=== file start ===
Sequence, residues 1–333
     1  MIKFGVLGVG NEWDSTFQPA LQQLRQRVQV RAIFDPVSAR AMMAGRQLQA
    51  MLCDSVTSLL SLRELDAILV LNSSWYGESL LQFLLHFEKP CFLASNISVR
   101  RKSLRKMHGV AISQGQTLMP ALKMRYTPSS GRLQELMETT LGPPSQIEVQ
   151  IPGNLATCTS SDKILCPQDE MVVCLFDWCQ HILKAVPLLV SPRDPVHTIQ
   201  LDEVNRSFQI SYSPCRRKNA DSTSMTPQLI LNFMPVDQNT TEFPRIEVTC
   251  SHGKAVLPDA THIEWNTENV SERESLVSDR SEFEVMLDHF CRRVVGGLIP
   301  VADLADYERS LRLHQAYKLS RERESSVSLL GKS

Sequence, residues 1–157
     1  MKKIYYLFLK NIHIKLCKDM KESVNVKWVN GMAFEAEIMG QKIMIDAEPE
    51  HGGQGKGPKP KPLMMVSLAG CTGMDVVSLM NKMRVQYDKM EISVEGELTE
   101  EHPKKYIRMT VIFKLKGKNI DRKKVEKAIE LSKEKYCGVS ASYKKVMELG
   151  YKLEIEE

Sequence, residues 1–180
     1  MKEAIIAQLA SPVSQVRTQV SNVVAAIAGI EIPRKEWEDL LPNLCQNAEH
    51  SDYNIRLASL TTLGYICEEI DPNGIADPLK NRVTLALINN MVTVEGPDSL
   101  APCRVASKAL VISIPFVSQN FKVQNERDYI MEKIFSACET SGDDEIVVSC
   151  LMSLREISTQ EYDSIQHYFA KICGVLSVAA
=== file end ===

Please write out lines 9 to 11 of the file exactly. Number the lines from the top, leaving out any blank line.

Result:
Sequence, residues 1–157
     1  MKKIYYLFLK NIHIKLCKDM KESVNVKWVN GMAFEAEIMG QKIMIDAEPE
    51  HGGQGKGPKP KPLMMVSLAG CTGMDVVSLM NKMRVQYDKM EISVEGELTE